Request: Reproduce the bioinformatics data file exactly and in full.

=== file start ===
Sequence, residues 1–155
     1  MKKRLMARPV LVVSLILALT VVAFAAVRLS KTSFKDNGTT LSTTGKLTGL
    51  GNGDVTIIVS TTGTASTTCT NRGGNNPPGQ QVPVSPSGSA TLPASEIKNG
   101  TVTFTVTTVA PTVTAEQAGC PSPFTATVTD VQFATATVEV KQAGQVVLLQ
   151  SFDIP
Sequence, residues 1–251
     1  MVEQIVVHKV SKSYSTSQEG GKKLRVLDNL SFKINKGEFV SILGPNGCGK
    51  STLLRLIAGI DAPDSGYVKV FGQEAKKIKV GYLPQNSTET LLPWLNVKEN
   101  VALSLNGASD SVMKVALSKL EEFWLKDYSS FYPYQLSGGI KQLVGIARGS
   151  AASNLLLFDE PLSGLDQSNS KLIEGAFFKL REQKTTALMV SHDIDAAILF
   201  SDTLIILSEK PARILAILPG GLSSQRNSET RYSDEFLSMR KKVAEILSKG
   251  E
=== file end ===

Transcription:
Sequence, residues 1–155
     1  MKKRLMARPV LVVSLILALT VVAFAAVRLS KTSFKDNGTT LSTTGKLTGL
    51  GNGDVTIIVS TTGTASTTCT NRGGNNPPGQ QVPVSPSGSA TLPASEIKNG
   101  TVTFTVTTVA PTVTAEQAGC PSPFTATVTD VQFATATVEV KQAGQVVLLQ
   151  SFDIP
Sequence, residues 1–251
     1  MVEQIVVHKV SKSYSTSQEG GKKLRVLDNL SFKINKGEFV SILGPNGCGK
    51  STLLRLIAGI DAPDSGYVKV FGQEAKKIKV GYLPQNSTET LLPWLNVKEN
   101  VALSLNGASD SVMKVALSKL EEFWLKDYSS FYPYQLSGGI KQLVGIARGS
   151  AASNLLLFDE PLSGLDQSNS KLIEGAFFKL REQKTTALMV SHDIDAAILF
   201  SDTLIILSEK PARILAILPG GLSSQRNSET RYSDEFLSMR KKVAEILSKG
   251  E